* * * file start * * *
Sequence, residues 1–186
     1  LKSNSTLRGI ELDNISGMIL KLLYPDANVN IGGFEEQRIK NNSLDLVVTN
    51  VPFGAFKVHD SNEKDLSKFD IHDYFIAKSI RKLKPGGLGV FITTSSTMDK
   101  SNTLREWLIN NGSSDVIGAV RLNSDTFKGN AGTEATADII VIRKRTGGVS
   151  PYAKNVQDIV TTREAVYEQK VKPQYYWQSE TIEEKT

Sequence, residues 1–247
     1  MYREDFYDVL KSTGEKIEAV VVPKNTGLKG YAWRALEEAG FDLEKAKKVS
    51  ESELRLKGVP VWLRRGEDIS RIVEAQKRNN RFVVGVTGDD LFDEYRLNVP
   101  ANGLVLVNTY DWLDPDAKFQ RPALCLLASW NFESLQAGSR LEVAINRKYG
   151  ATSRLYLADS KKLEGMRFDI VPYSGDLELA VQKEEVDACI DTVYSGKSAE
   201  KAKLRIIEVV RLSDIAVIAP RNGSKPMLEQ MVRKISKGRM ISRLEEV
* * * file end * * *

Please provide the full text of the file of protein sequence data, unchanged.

Sequence, residues 1–186
     1  LKSNSTLRGI ELDNISGMIL KLLYPDANVN IGGFEEQRIK NNSLDLVVTN
    51  VPFGAFKVHD SNEKDLSKFD IHDYFIAKSI RKLKPGGLGV FITTSSTMDK
   101  SNTLREWLIN NGSSDVIGAV RLNSDTFKGN AGTEATADII VIRKRTGGVS
   151  PYAKNVQDIV TTREAVYEQK VKPQYYWQSE TIEEKT

Sequence, residues 1–247
     1  MYREDFYDVL KSTGEKIEAV VVPKNTGLKG YAWRALEEAG FDLEKAKKVS
    51  ESELRLKGVP VWLRRGEDIS RIVEAQKRNN RFVVGVTGDD LFDEYRLNVP
   101  ANGLVLVNTY DWLDPDAKFQ RPALCLLASW NFESLQAGSR LEVAINRKYG
   151  ATSRLYLADS KKLEGMRFDI VPYSGDLELA VQKEEVDACI DTVYSGKSAE
   201  KAKLRIIEVV RLSDIAVIAP RNGSKPMLEQ MVRKISKGRM ISRLEEV